Yes, special appearance by Tony Jaa, but let’s not get ahead of ourselves, and get right down to business.
This film was EXCELLENT!
And by that, I mean just what I said. It is no exaggeration that this film is a treat in every way, and should not be missed by any fan of the genre.
Originally touted as SPL III in the Sha Po Lang saga, director Wilson Yip and screenwriters Nick Cheuk and Lai-Yin Leung give the film the teeth and strength to stand on it’s very own. Among the many films churned out that are packed with the action we all love, but lack power in their storytelling, Paradox is a film in which everything seems equally balanced in the mix.
The performance in the film by Louis Koo, who plays a Chinese police hostage negotiator whose 16 year-old daughter goes missing in Thailand, is the true magnet that draws you in to the story and holds you there. Paradox was compared to Liam Neeson’s TAKEN films, but I only saw any resemblance in the smallest of ways.
Koo showed us the true frustration, fear and anger of what a loving parent who had lost the one thing that mattered in the world to them would be like, even with all the police resources at his disposal and still seemingly helpless.
Louis Koo’s intensity was never overplayed in any way, even though some may have thought him an odd choice for a martial arts film, and the director did an amazing job of keeping everything in this movie on point not sacrificing story for action at any time.
But the action was very cool.
Louis Koo was the magnet that drew us in to the story, but he was not the only one to hold our attention. As Koo’s character was searching for his lost child, he teamed with a Thai police officer played by Yue Wu, who was an expectant father-to-be. Wu’s character bonded quickly with Louis Koo’s in the attempt to find the missing girl, and when the fist and feet began to fly, Wu simply stole the show!
One scene in particular, has Wu, attempting to find a hacker/computer expert to help fix some doctored video footage that might lead to the girl’s whereabouts, ends up in a fight with two to three attackers in a small apartment room, and clearly the attackers are outmatched.
As I have stated before, the strong story leads you, but from one great fight lover to hopefully many more, I could not wait for Yue Wu’s next fight sequence throughout the film and was never disappointed.
I mentioned before a special appearance from Tony Jaa, and even though Tony only had limited screen time as Wu’s Thai police partner Tak, your inner fight fan cheered like a kid when Jaa leapt into action. If there was a description of each of these characters fighting styles Louis Koo would be simple and direct, Yue Wu would be the insane speed and agility and none other than the Thai warrior himself Tony Jaa would be the bone crunching power.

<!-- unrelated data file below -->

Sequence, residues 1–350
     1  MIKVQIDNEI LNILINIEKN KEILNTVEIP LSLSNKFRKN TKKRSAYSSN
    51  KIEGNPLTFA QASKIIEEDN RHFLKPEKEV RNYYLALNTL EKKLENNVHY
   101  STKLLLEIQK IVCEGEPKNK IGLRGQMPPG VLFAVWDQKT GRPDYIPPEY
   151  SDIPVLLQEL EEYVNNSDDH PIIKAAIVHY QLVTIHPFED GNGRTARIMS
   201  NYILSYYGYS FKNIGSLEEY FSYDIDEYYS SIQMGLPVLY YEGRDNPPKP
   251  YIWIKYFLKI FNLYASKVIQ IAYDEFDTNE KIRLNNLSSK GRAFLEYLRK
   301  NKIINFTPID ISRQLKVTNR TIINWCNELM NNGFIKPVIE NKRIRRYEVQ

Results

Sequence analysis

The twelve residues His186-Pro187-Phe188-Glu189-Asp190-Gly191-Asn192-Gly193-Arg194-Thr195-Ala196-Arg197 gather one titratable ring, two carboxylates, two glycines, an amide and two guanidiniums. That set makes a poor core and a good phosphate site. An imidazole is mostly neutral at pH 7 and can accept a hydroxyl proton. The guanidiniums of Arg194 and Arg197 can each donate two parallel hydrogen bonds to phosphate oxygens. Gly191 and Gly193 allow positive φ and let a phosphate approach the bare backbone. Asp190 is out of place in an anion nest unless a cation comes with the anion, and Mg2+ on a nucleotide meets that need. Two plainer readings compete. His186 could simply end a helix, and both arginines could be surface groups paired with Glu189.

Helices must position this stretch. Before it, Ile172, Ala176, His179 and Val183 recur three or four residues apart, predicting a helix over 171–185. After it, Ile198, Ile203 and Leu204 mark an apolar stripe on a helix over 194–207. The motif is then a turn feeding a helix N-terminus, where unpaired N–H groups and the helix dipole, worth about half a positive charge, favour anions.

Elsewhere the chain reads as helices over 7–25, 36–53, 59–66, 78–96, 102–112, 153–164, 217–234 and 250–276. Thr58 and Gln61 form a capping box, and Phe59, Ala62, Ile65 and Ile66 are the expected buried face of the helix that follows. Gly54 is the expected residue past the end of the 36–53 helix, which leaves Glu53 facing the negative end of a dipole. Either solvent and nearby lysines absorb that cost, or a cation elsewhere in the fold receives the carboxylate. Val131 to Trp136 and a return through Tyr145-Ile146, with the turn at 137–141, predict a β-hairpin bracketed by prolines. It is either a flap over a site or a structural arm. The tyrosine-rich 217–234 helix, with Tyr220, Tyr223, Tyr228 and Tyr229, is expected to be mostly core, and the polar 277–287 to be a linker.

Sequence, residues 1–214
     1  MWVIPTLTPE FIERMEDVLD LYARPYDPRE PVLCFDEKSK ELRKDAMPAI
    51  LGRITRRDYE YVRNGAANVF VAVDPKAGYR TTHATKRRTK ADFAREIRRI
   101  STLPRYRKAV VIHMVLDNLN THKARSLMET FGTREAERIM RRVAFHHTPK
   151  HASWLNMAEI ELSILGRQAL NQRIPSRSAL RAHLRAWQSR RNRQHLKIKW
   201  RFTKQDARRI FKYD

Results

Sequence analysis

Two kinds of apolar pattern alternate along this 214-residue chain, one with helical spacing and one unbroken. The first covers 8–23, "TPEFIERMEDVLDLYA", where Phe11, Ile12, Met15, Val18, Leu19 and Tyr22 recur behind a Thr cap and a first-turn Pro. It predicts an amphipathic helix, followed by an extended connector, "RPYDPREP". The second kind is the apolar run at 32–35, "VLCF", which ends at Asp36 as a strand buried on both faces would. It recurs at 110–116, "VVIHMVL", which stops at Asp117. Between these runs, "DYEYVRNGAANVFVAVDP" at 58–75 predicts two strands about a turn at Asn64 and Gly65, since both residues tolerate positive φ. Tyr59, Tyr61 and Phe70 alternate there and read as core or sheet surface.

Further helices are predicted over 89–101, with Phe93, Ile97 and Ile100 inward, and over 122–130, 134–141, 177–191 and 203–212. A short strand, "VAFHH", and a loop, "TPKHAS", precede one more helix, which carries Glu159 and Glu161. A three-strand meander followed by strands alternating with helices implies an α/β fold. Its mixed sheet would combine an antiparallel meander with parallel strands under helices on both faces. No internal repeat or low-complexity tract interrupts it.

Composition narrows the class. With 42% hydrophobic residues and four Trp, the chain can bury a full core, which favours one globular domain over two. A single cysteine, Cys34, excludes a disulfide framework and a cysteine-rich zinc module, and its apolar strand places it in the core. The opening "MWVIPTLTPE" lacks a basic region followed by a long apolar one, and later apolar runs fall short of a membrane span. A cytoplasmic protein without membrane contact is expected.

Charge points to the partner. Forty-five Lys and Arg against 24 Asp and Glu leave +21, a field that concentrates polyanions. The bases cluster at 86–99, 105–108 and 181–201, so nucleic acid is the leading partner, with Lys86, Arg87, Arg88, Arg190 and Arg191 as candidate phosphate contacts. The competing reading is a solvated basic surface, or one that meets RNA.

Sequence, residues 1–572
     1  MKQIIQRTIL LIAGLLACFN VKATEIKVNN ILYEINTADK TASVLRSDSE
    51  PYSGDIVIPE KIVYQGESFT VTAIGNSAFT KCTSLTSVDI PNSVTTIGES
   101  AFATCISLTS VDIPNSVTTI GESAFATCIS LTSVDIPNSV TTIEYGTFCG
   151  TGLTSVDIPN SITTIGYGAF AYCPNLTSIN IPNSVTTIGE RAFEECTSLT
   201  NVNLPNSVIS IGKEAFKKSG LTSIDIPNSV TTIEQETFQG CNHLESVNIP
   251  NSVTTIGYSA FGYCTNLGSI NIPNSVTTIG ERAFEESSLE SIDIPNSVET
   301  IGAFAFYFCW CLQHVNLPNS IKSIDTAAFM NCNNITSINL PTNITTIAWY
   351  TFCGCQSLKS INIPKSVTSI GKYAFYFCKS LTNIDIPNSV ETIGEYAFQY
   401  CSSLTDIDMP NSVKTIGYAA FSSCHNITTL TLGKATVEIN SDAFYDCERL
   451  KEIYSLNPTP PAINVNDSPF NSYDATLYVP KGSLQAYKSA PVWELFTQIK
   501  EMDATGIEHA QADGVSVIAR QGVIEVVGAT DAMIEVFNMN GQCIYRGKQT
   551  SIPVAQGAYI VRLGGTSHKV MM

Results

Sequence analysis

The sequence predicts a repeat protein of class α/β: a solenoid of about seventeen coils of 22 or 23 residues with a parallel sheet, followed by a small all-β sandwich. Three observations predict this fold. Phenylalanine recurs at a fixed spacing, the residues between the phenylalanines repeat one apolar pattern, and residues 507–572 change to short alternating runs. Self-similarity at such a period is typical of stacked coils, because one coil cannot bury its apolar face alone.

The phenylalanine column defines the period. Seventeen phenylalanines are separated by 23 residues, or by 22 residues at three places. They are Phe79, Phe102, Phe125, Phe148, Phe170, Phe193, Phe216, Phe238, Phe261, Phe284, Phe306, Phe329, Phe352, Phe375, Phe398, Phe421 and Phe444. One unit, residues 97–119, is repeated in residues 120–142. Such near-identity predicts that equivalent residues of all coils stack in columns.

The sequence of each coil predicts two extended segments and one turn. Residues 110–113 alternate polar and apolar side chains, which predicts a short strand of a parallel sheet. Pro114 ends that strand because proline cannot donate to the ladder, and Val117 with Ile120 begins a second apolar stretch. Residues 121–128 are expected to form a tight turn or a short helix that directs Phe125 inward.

With every punch, kick, elbow and flying knee strike Tony Jaa delivered to American criminal Sacha, played by Chris Collins, it literally hurt to watch, and I think I was sore the next day from it (or maybe I’m getting older and it was from my own workout that night).
Chris Collins was a great choice in casting this movie, and although he was more the main henchman than the true villain played by Gordon Lam (A World Without Thieves, Exiled, Gen-X Cops), he was a worthy adversary to all three heroes in this film. It goes without saying that the ingredients for this film of Koo, Wu and Jaa played well, but the true master of action chef that tested all their skills in his fight choreography was the legendary Sammo Hung.
Sammo Kam-Bo Hung is widely known for his original pairings in the movie acting trio of Jackie Chan, Yuen Biao and himself in his early film career, and as he has aged his keen skills as a choreographer have definitely remained razor sharp. His style can be seen in each action sequence, but never overpowers the actor’s true skills but only guides them in the precise direction we love to see them go.
I half expected Sammo to make a cameo appearance some how in the film, and was only a bit disappointed that it did not happen, however the Marshal Law (CBS TV series) star’s magic could be felt regardless. He even made Louis Koo, a predominately dramatic actor, direct and dangerous with a simplistic style similar to boxing and military combat technique, and I would love to see him choreograph a full movie starring Tony Jaa at some point.
Maybe even throw Donnie Yen into the mix.
But no action thriller is complete without a believable villain, and Gordon Lam delivers. Even though Collin’s Sacha is the muscle, Gordon Lam is the brains as a crooked political counselor for the powers that be using any means necessary to procure whatever the local government officials need, and keep the activity under the radar.
You will long for the villain’s demise as the story carries Louis Koo and Yue Wu through the back alleys and prostitution districts of Bangkok, cheer when the inevitable unleashing of the ferocious Tony Jaa occurs and even chuckle a bit at the blindfold wearing, sledgehammer wielding Koo as he lends his enraged spirit to a captured henchman during an impromptu interrogation scene.
The films runtime is 1 hour and 36 minutes, and not a second of it is wasted, so find your copy, fix the popcorn, kickback and enjoy, and above all else, share it with fellow film lovers.
They deserve a good time too.
Review by Scott Davis
(Resident of Winston-Salem, NC has studied the martial arts since the age of ten, and at 48 years of age is still an avid practitioner. A fan of the martial arts and action genre films from an early age when everyone else watched football on Saturdays, he tuned in to Black Belt feature.)